Polypeptides made synthetically can include substitutions of amino acids not naturally encoded by DNA (e.g., non-naturally occurring or unnatural amino acid). Examples of non-naturally occurring amino acids include D-amino acids, an amino acid having an acetylaminomethyl group attached to a sulfur atom of a cysteine, a pegylated amino acid, the omega amino acids of the formula NH2(CH2)nCOOH wherein n is 2-6, neutral nonpolar amino acids, such as sarcosine, t-butyl alanine, t-butyl glycine, N-methyl isoleucine, and norleucine. Phenylglycine may substitute for Trp, Tyr, or Phe; citrulline and methionine sulfoxide are neutral nonpolar, cysteic acid is acidic, and ornithine is basic. Proline may be substituted with hydroxyproline and retain the conformation conferring properties.

Analogs may be generated by substitutional mutagenesis and retain the biological activity of the original polypeptide. Examples of substitutions identified as “conservative substitutions” are shown in Table 2. If such substitutions result in a change not desired, then other type of substitutions, denominated “exemplary substitutions” in Table 2, or as further described herein in reference to amino acid classes, are introduced and the products screened.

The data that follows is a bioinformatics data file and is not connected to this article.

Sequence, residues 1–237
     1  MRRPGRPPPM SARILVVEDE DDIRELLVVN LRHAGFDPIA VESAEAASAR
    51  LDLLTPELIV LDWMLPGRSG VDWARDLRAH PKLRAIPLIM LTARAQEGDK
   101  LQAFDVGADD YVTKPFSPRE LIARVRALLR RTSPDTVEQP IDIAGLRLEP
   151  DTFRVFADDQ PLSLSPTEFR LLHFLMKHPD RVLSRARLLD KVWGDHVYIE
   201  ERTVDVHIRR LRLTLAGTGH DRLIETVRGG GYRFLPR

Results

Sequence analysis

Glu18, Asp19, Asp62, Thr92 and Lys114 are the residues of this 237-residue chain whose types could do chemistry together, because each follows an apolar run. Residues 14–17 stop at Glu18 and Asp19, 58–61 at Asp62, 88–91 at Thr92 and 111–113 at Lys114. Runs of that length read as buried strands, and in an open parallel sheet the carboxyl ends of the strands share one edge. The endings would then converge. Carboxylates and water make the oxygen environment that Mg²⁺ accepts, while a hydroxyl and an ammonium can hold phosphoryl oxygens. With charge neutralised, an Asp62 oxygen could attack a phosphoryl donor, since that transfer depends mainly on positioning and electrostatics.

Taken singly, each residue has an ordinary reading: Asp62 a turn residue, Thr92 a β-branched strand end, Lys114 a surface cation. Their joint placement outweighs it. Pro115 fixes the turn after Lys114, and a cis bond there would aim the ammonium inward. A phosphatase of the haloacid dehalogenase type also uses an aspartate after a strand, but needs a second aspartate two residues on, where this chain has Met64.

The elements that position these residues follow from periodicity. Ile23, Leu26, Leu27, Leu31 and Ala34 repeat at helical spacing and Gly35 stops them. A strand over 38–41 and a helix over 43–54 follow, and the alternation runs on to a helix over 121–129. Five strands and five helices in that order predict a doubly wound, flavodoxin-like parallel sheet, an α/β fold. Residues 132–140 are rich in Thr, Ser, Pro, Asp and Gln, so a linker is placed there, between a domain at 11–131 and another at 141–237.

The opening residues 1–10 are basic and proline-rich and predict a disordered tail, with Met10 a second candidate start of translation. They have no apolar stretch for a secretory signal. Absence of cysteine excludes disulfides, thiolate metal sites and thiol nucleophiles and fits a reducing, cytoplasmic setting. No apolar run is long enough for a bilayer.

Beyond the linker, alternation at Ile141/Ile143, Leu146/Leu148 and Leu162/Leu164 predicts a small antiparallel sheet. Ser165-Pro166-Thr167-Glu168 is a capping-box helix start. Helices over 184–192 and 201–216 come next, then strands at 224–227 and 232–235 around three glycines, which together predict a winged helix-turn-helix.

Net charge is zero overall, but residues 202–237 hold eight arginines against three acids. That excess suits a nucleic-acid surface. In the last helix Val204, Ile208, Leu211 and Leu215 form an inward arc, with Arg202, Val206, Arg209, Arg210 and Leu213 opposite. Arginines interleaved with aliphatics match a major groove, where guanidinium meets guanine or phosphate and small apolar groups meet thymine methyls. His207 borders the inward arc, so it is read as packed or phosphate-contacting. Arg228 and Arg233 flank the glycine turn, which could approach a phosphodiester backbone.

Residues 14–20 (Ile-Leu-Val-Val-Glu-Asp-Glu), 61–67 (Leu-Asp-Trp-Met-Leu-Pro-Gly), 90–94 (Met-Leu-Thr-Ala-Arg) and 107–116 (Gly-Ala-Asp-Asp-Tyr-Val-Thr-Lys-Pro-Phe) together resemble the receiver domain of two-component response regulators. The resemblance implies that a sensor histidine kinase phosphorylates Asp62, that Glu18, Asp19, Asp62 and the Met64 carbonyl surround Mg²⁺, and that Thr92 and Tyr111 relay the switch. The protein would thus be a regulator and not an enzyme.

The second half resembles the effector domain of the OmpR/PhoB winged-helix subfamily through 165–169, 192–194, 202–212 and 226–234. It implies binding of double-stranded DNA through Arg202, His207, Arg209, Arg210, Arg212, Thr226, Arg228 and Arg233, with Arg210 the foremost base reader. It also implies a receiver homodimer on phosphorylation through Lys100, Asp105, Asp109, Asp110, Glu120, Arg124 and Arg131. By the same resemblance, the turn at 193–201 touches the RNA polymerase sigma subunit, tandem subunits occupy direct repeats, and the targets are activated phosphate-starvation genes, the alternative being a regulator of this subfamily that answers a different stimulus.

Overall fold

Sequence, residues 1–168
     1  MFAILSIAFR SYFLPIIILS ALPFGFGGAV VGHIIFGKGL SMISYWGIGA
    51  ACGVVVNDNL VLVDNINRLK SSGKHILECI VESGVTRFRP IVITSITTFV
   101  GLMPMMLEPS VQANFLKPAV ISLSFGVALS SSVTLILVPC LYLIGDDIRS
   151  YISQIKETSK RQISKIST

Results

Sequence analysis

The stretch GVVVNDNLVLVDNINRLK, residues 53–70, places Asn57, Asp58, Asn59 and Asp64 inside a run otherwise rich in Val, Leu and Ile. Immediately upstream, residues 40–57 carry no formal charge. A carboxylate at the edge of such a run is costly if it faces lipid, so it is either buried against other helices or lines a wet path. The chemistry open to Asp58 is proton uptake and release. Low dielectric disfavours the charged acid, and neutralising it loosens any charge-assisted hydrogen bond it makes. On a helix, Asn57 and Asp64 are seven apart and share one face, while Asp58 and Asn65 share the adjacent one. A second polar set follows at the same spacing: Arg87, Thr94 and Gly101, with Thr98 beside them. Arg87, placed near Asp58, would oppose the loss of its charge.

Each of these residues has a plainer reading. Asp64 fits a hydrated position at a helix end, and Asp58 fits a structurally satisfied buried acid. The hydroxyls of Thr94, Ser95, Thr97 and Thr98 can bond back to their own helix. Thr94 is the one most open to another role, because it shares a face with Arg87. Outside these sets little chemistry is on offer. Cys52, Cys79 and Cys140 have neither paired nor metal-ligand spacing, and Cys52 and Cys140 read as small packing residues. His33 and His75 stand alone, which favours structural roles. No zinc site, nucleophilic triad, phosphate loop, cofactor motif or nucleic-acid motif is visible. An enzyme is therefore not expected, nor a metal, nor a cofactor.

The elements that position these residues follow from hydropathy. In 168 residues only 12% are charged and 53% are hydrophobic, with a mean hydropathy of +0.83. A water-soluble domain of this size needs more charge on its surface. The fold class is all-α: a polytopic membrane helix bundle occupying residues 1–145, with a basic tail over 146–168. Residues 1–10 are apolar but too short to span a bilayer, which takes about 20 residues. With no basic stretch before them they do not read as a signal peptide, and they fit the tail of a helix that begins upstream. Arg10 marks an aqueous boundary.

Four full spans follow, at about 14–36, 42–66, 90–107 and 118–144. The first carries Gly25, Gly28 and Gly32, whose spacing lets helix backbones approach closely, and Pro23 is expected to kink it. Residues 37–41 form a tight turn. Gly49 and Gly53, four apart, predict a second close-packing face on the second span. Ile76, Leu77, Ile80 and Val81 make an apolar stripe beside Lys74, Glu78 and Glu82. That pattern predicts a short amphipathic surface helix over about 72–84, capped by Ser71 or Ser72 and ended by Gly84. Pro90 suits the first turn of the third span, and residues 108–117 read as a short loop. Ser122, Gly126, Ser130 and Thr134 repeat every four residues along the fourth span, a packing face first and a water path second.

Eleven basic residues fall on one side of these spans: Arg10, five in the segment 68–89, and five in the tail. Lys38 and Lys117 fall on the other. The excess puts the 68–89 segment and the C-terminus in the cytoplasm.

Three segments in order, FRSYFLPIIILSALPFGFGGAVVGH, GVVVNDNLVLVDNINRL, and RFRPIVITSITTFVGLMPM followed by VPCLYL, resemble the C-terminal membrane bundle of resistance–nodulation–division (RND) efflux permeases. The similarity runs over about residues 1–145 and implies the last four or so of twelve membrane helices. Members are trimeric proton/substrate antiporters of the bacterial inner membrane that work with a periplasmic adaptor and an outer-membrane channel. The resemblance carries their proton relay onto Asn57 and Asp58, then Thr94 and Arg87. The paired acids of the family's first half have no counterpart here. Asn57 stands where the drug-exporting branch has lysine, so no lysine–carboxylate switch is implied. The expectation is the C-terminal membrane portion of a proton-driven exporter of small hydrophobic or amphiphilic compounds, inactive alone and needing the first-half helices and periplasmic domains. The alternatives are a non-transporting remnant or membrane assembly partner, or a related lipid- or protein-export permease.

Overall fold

Substantial modifications in function or immunological identity are accomplished by selecting substitutions that differ significantly in their effect on maintaining (a) the structure of the polypeptide backbone in the area of the substitution, for example, as a sheet or helical conformation. (b) the charge or hydrophobicity of the molecule at the target site, or (c) the bulk of the side chain. Naturally occurring residues are divided into groups based on common side chain properties:

    • (1) hydrophobic: norleucine, methionine (Met), Alanine (Ala), Valine (Val), Leucine (Leu), Isoleucine (Ile), Histidine (His), Tryptophan (Trp), Tyrosine (Tyr), Phenylalanine (Phe),
    • (2) neutral hydrophilic: Cysteine (Cys), Serine (Ser), Threonine (Thr)
    • (3) acidic/negatively charged: Aspartic acid (Asp), Glutamic acid (Glu)
    • (4) basic: Asparagine (Asn), Glutamine (Gln), Histidine (His), Lysine (Lys), Arginine (Arg)
    • (5) residues that influence chain orientation: Glycine (Gly), Proline (Pro);
    • (6) aromatic: Tryptophan (Trp), Tyrosine (Tyr), Phenylalanine (Phe), Histidine (His),
    • (7) polar: Ser, Thr, Asn, Gln